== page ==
The Man Speaks
He lived in the top story of a very tall house on an even higher hill far above a little village which appeared as dry and dusty as his own world was lush and green. He would spend long hours looking out his window, trying to imagine the lives of the people, which was very difficult as he had never once left the house, let alone descended the hill to feel that foreign soil beneath his feet. For all he knew they were not even aware of his existence, while they were his only distraction from the complete solitude in which he dwelled.
He did something—what, exactly, he was not sure, as walking from room to room constituted the main of his activities—that allowed him to eat regularly. Being provided for in this manner, he found life to be lacking in the necessary frictions, so he looked for things to cause him trouble and then fought with them for however many hours a day that he could before he fell asleep or, as he called it, evaporated. But still, between the gazing and the fighting, he felt something was missing. A need, an emptiness remained. So, being of the practical sort, he simply filled himself with whatever was at hand, being careful not to be too careful with what he chose so that he would be well-rounded in his fullness. But what of the need? Or, for that matter, the responsibility that goes with such a blessed state? He decided that he must share his new-found satiation with the villagers.
Thus began his habit of taking out the things he had placed in himself and carrying them down the hill to the market where he would spread them on the ground and speak. Or, as he called it, Teach the Gloriness of Fullness, often in parable, seldom understood, his favorite being one he assumed he had learned in his assumed youth about a fisherman whose reputation for bungling had spread so far and wide that it had become a matter of pride for the man. One day the other fishermen saw him up on the cliffs, eating gull droppings and pebbles, both hands going at once, now and then making wild gestures in the direction of the sky. When asked what he was trying to do, he had called back, To become as stupid as the sun! I’m already better than the rest of you!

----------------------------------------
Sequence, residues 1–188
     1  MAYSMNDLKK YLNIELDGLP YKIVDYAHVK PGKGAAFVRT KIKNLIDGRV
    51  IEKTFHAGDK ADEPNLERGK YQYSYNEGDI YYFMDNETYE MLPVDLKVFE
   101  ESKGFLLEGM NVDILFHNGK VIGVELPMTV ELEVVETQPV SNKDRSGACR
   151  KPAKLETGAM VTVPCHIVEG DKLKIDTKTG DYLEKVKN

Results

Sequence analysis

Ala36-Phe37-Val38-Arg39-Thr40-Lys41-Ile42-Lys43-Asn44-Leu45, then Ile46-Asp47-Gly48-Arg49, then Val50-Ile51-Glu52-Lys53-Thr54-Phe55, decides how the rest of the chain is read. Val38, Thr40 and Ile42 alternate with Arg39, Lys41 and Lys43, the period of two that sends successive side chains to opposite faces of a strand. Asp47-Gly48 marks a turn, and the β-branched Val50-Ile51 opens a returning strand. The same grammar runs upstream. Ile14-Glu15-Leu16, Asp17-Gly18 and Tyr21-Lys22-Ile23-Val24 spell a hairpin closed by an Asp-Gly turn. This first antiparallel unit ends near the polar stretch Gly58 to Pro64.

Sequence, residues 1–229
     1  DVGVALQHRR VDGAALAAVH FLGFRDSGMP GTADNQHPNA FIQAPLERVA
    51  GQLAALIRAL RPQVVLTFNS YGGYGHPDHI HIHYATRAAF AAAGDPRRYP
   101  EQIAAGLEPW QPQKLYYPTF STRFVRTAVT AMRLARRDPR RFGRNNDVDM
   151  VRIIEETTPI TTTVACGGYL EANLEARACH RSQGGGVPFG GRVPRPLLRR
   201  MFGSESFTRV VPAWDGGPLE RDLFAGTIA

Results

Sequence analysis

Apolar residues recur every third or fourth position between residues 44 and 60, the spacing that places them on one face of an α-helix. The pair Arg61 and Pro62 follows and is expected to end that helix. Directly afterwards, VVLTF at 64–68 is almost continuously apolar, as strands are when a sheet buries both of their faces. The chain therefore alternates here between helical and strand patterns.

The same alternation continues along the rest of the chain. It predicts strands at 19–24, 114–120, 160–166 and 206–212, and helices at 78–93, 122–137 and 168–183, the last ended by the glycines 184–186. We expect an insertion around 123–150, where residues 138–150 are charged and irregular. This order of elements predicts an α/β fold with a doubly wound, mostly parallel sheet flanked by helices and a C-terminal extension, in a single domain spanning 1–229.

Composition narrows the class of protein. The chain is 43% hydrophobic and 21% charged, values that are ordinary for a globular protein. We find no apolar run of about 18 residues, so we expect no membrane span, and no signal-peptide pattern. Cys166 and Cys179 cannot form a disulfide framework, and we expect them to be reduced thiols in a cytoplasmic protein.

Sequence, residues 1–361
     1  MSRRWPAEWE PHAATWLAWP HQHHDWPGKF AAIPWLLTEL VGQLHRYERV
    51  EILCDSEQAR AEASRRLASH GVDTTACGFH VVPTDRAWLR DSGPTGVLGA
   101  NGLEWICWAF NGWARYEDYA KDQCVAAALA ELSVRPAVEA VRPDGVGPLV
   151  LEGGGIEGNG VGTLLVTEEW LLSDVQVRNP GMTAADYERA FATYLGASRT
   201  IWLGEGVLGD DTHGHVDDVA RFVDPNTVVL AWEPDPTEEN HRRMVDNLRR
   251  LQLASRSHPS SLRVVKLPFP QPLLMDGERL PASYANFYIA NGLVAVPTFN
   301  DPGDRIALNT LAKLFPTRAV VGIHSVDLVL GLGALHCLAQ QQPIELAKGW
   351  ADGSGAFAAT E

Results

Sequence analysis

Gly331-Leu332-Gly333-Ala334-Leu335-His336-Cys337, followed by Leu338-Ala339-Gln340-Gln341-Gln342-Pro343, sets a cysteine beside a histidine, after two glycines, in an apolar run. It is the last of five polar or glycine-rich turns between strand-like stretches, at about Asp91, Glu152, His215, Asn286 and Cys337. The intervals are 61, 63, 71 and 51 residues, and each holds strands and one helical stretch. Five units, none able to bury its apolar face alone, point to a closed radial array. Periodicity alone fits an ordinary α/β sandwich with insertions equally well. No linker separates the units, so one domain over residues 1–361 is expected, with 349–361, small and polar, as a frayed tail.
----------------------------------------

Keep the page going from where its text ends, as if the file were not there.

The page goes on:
He felt there was great wisdom in this story and that if he repeated it often enough someone would surely approach and explain it to him. But no, whenever he entered the market the people would look up from their dealings and, upon seeing who it was, gather up their wares and walk away, muttering under their breaths and being very generous with their evil looks which, due to the rather dry and wizened appearance of these people, were quite evil indeed. He would reflect on this, silently praising them for their enviable consistency of behavior, and begin spreading his taken-out-things in front of himself, doing a little dance every time he came to a particularly pleasing one.
One day, after yet another impassioned rendition of the fisherman parable with its usual results, equally impassioned, he realized that if he were ever to make contact with these people—let alone be informed of the meaning of his favorite story—he would have to try something new. So he packed up his things and trudged back up the hill where he set about thinking of a plan.
Several days later he rose with the sun, took out what he had placed in himself and marched down to the market. Only this time, instead of repeating the parable of the fisherman, he watched the people walking away and then, before they had gone too far, called out, A visitor! A visitor has come! The people slowly halted their exodus and turned around, for it was a very small village and visitors were rare indeed. Lured by the prospect of a new customer, a few stepped forward, hoping to be the ones to claim the coins in his pockets.
When a small crowd had formed, he quickly began gathering his collection of taken-out things and molded them into a sizable mound which he set about climbing, for he had something to say, something of undeniable importance for all, of that he was sure. He climbed and climbed and struggled and sweated and cursed in his effort to reach the top before the people discovered the extreme lack of visitors and left. Surely they will listen this time! he panted to himself as he wiped the sweat from his eyes. Surely they will understand everything I have ever said this time! Glancing behind himself he could see there were still a few people watching him. He must hurry!
And when at last he stood, alone and free at the top, shading the sun from his eyes and preparing to speak, he had just enough time to notice one very old woman looking at him very intently before he sank.
A Happy, Normal Life
by Derek Maine
... I did not shed a single tear, I gave her my face to scream at the entire time because it was the only thing I could give her ...
by Greg Gerke
... We don't talk about the other women in my past, just as we don't discuss the men in hers ...